Continuing the theme of children and Parliament following Helen Sunderland’s blog about schoolgirls’ visits to the House of Parliament, 1880-1918 from earlier this week, senior research fellow for our Commons 1461-1504 project, Dr Simon Payling, explores the relationship between children and Parliament in the later middle ages…
It is not surprising that children, whether as individuals or a group, appear very rarely in the records of medieval Parliaments. The notion of parliamentary legislation as a means of protecting their rights or providing for their education was then a remote one. Yet they are not entirely invisible in the parliamentary record. Most famously, on two occasions in 1423 and 1425, a child, Henry VI, was brought into the Parliament chamber nominally to preside over its deliberations (‘Henry VI and parliament: screaming the house down’, 14 May 2013). An earlier reference is more diverting. For most of the Parliaments of the 1330s the royal proclamation made at the beginning of each assembly included the injunction that, on pain of imprisonment, ‘no child or other person should play at bars or at other games, or remove people’s hoods, or lay hands on them in any part of the palace of Westminster during the Parliament’. There is something rather risible in this apparent fear that the assembly of the leading men of the realm should be impeded by hordes of mischievous children, seemingly intent on stealing headwear. The injunction, however, does not appear after 1352. Perhaps the children of Westminster had found other ways to amuse themselves.
A rather different aspect of childish behaviour was castigated in a speech made by the chancellor, Thomas Fitzalan, archbishop of Canterbury, in the Parliament of October 1399: ‘With regard to speaking, it is certain that a child is inconstant …. , he easily speaks the truth, easily tells lies; he easily promises with a word, but what he promises he quickly forgets’. As his listeners would have been well aware, the chancellor’s specific target here was the seven-year-old, Edmund Mortimer, earl of March, a potential claimant to Henry IV’s throne; but he may have been expressing a widely-held sentiment.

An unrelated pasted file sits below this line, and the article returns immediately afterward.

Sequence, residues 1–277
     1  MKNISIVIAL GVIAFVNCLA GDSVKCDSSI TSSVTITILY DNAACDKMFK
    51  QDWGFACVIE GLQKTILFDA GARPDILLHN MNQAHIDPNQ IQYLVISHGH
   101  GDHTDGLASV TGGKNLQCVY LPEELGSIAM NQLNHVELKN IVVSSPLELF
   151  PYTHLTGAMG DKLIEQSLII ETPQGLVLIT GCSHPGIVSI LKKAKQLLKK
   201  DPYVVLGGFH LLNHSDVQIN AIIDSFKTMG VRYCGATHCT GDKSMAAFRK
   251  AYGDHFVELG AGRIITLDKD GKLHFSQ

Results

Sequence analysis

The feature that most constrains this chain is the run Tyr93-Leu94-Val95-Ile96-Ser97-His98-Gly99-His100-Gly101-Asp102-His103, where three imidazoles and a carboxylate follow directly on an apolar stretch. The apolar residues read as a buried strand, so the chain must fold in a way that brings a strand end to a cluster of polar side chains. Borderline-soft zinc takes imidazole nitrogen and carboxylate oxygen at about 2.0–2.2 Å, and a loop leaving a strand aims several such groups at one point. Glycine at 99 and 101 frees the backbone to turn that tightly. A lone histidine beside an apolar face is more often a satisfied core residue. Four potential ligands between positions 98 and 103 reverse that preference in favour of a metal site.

On the rare occasions that children appear as the subjects of parliamentary legislation, the aim was to diminish rather than extend their opportunities. In the crisis of labour occasioned by the Black Death, efforts to limit wages and restrict the mobility of labour were extended to the young. A statute of 1388 laid down that those accustomed to agricultural work to the age of 12 should continue in that work and not be apprenticed to any other trade or craft. A petition presented by the Commons in the Parliament of 1391 sought to go a step further, asking that bondmen and villeins be forbidden to send their children to school, ‘for the maintenance and salvation of the honour of all the freemen of the kingdom’. The idea that the social fabric was improved by extending educational opportunities was clearly not one then embraced by the Commons, although the Crown may have taken a more enlightened view. The petition was rejected, and, when the 1388 statute was clarified in 1406, the restriction on the children of the labouring poor entering apprenticeships was specifically not extended to education in schools.
These few instances aside, children are almost invisible in the legislative record, leaving undefined certain matters which, to the modern mind, are fundamental. Not the least of these is the age of criminal responsibility. Although it is anachronistic to think in terms of what legislation did not do, this is perhaps a surprising omission; for the common law gave no clearer guidance than that age was greater than seven and it was a question on which the judges occasionally found themselves divided. The failure to answer, or even pose, such questions, gives some support to the notion, expressed most notably in the work of Philip Ariès (d.1984), that the idea of ‘childhood’ as a distinct phase of life, with its own cultural identity, postdates the medieval period. This view is now almost universally derided, but Ariès could have found some support in the silence of medieval statutes.
N. Orme. Medieval Children (2001)
For more from Simon and the medieval team head over to our Commons in the Wars of the Roses page.